As mentioned in my last post, I spent last weekend in Dallas, Texas at the Drink Local Wine Conference and TEXSOM. While the general goal of the DLW Conference was to discuss the topic of local wine, the overall focus was on Texas wine specifically. Afterall, that was where we were.
I have to say that I have tried a few Texas wines in the past and have never been impressed. They were either too tannic and lacking in fruit, or just plain weird. So, while I came to the conference with an open mind, I didn’t have very high expectations for the quality of the wines. During the conference, we had the opportunity to taste about 50 or so Texas wines. I think my Tweet during the conference sums it up: “Holy Shit! They can make wine in Texas!”
I was thoroughly impressed with the quality of the wines overall. Sure, there were a few dogs in the bunch, but that could be said of any wine tasting from California to Bordeaux, etc. A few producers really stood out as producing really great wine, but there were many who were producing solid wines.
In recent years, Texas wines have not only improved in quality, but also in popularity. Most every restaurant in Texas worth its salt carries at least a few Texas wines. This is due in large part to the support of the Texas Department of Agriculture and an influx of investment. Though, there is still a lot of work to do on the part of Texas wineries to educate wine consumers that not only does Texas make wine, but that they make good wine. Perceptions persist that the wines can’t be as good as those from California.
So, what is a Texas wine? What makes it different? One of the points I tried to make during a panel discussion at the conference was that Texas wineries needed to find their own identity. They are doing themselves and their customers a disservice if they try to imitate California wines for instance. In fact, California fell into this trap in the early 70s and 80s when they tried to make their wines like France. The thing is, California isn’t France. The climates and soils and completely different. It took California producers years to find their own identities and establish a style. Texas is now in that same boat.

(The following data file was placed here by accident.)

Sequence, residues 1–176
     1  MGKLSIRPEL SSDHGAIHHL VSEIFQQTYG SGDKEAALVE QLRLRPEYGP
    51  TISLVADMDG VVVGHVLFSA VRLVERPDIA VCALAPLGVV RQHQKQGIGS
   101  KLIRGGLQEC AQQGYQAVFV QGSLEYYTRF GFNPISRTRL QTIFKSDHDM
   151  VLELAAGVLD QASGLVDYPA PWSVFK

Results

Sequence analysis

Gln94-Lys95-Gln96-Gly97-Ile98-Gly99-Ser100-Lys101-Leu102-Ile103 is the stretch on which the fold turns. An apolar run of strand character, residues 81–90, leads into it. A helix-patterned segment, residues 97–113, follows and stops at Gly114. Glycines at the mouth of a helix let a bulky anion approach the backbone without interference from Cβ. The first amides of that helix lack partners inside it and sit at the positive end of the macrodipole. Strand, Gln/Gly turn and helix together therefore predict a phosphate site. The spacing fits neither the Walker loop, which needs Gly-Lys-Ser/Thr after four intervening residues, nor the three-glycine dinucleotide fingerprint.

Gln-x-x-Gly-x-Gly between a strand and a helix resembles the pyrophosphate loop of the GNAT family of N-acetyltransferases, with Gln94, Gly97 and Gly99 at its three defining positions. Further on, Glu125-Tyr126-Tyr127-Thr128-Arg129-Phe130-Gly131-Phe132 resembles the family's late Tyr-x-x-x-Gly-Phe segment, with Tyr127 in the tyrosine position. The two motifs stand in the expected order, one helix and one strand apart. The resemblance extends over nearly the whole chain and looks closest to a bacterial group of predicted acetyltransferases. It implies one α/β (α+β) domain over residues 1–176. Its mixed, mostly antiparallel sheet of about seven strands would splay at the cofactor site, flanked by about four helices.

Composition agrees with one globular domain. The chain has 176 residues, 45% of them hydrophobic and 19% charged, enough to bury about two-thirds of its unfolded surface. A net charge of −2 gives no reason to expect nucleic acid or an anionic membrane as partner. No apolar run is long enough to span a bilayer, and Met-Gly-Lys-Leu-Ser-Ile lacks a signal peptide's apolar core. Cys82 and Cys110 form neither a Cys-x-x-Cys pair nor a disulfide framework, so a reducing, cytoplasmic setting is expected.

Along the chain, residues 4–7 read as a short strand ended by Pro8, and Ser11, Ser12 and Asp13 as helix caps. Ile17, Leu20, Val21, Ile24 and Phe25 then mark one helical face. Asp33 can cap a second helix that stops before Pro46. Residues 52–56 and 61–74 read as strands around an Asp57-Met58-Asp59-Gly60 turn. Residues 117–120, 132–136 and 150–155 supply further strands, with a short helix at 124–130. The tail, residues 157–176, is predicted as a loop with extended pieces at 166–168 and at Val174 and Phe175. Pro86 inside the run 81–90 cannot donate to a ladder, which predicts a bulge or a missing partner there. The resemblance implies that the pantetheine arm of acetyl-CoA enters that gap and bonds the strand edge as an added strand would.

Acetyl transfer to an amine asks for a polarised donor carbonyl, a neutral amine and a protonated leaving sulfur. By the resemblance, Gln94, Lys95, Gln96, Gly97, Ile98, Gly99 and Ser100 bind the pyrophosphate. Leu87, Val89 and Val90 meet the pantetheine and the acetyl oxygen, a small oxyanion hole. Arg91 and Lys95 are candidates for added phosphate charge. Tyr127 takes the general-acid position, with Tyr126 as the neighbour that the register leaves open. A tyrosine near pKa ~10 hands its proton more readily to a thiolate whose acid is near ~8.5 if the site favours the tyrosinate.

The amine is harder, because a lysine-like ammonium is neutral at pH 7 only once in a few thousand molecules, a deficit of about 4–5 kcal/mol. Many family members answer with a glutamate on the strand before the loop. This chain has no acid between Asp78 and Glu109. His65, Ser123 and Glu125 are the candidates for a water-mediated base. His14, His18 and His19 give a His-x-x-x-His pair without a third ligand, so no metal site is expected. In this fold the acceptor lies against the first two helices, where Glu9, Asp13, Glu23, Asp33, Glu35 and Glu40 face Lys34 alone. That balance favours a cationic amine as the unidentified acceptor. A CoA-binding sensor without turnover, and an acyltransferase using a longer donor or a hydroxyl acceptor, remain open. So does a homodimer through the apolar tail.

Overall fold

The most widely planted vinifera variety in Texas is Cabernet Sauvignon. It seems to do reasonably well, and exhibit a unique style. It also lends itself to being blended with other varieties to produce impressive wines. From the small sample size of wines that I tried, I believe that the most promising varieties for Texas are: Tempranillo, Sangiovese, Viognier, and Muscat. These wines, whether blended or 100% seemed to me to show the most character and potential. There is also promise with hybrids such as Blanc du Bois which is pretty unique.
The biggest challenge facing the Texas wine industry is the lack of raw materials. Though Texas is the 5th largest wine producing state, the 4th largest consumer, with over 170 wineries, there are less than 3500-4000 acres of grapes in the whole State. The largest winery in Texas is Ste. Genevieve with the majority of the market share, which leaves a LOT of smaller wineries fighting over a limited amount of grapes.
I believe that the future health of the Texas wine industry is going to depend on two things: increased grape supply and expanded marketing.
It seems obvious that in order to produce more wine, wineries need more grapes. But the industry needs an infusion of capital from inside or outside the state to help purchase land and plant grapes. Based on what some of the panelists said, Texas really needs about 10,000 acres of vines to reach critical mass. It seems like a GREAT opportunity for investment.
As I mentioned in my previous post, Texas wineries need to start building their street cred. They need to get the word out to people who write about the wines and get them to taste the wines. By building their credibility and spurring demand, wineries will lay the foundation for a robust and thriving business.
The only thing wrong, is that now that I have discovered good Texas wine, I can’t get any since most don’t distribute outside of the state. Damn it!